In what passes as “economics” writing, a CNN writer discusses the current thinking about a government bailout of its citizens:
One leading economist, Economy.com founder Mark Zandi — who was an unpaid adviser to the campaign of Republican presidential candidate John McCain — boosted his estimate for needed stimulus to $600 billion from $400 billion in just nine days late last month.
The fact that this is reported with a straight face actually accounts for a lot of what ails this country economically. It means that the writer of this story in our mainstream media actually believes what she is writing, and that many readers actually think Zandi’s estimate is based on something other than augury or tasseography.
Folks, there is not enough ‘science’ in economic science to say that our $13 trillion economy in the shape it’s in now needs a $0.4 trillion or $0.6 trillion stimulus. We’re lucky to get the order of magnitude right, sometimes even the sign. In fact, an economist could argue that the right amount of stimulus is $0.0 trillion, and many do. Taking seriously a number between $400 and $600 billion is first order hogwash. The fact that the credulous reporter was wowed by Zandi’s number growing that large in just nine days is second order hogwash. Could I amaze you, lady, if I grew my estimate from $100 million to $900 billion in nine hours! I would do that for you, because I’m that kind of guy.
When you think it can’t get any sillier, the writer includes this:
“Be skeptical of all these numbers. All of them are guesses. … They’re based on notions without foundation, that we can forecast the depth and duration of the downturn,” said Douglas Holtz-Eakin, a former Congressional Budget Office director who served as McCain’s top economic adviser during the campaign.
The risk of making the wrong assumptions about the scope of the downturn is that Congress commits too much or too little money to deal with it, or disburses the money at the wrong time in the economic cycle.
Actually, Mr. Holtz-Eakin, not to put too fine a point on it, these number are without foundation because they suppose that even if we knew the depth and duration of the downturn, could we adequately estimate the correct amount of stimulus. That might make Mr. Holtz-Eakin’s quote third order hogwash, although after a while, we’re getting down to the angels-on-a-pin debates.
The fact that both Zandi and Holtz-Eakin were McCain advisors lends credence to those who say that Obama couldn’t possibly be worse on economic issues. Of course, Obama’s man, Larry Summers, confidently puts the “needed stimulus” number at between $500 billion and $700 billion.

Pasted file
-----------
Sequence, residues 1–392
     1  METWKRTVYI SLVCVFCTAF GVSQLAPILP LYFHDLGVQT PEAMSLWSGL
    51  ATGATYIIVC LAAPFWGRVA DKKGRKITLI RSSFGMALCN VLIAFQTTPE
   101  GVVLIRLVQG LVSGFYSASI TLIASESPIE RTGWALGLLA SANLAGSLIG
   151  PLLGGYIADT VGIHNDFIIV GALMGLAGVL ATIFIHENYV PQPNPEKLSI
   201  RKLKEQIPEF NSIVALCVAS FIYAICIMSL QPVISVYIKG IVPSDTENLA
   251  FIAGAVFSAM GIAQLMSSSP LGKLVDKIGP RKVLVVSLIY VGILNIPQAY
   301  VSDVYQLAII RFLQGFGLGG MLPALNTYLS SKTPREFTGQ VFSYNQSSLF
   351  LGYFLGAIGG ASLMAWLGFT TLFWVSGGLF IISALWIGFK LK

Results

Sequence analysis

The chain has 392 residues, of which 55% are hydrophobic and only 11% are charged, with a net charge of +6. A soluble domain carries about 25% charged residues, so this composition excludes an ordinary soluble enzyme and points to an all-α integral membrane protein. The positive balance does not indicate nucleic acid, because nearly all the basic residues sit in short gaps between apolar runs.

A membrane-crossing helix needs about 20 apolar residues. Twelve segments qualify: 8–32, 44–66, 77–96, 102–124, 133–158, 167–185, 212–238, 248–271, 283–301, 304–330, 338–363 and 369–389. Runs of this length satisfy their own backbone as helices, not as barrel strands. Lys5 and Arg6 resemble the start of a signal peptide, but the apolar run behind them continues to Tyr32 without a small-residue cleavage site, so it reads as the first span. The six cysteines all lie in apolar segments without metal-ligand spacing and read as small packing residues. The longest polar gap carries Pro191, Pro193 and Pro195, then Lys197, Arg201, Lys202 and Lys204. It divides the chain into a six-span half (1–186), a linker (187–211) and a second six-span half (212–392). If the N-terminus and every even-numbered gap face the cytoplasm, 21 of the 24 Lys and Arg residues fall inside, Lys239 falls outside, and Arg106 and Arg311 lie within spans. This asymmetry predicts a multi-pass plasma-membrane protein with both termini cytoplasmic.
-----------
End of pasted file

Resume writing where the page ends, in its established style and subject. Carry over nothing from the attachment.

Not to be outdone by political hacks, the writer finds a private sector economist, Rich Yamarone, director of economic research at Argus Research, to find a course in this mainstream:
He’s still reasonably optimistic that the economy might start to turn around next summer if Congress passes a stimulus package in the neighborhood of $700 billion and if the infrastructure projects funded by that package and intended to create jobs are up and running within 30 to 90 days from the time the package is approved. Any longer and he said he’ll have to rethink his forecast.
At this point, it’s all about jobs and fostering conditions to create them, Yamarone said. “The government has to bail out its citizens.”
He must have spent extra time with the calipers and protractors to come up with this scientific assessment, while hedging his bets based on how quickly the government can act. Tell, Mr. Yamerone, if the government takes 100 days to build its infrastructure projects, how much more will it need? Surely an economist making a statement like that would have a formula or curve to explain the relationship between time and investment level. I would give our yammering tool $100 billion if he can produce that curve in 30 to 90 days.
All of this, of course, comes down to the premise expressed in that last quote: “The government has to bail out its citizens.”
I’m picturing a boat with leaks springing up left and right. (That’s where the “bailout” analogy starts, right?) I’m picturing a group in the boat called “government” and a distinct group called “people.” It’s hard to do this, but I can manage. Now, I’m trying to picture what resources “government” has to do the bailing. Whatever they may be, they would have to come from the “people.”
That’s right; you and I are the resource that government uses to bail us out. It’s our money, except funneled through Washington D.C. instead of spent directly by us. Or, worse, it’s our government borrowing funds that our children will have to pay back instead of each of us individually contracting that inter-generational debt and tagging it to our own children, because real parents would never do that to their own children. But collectively, we would all do that to each others’ children.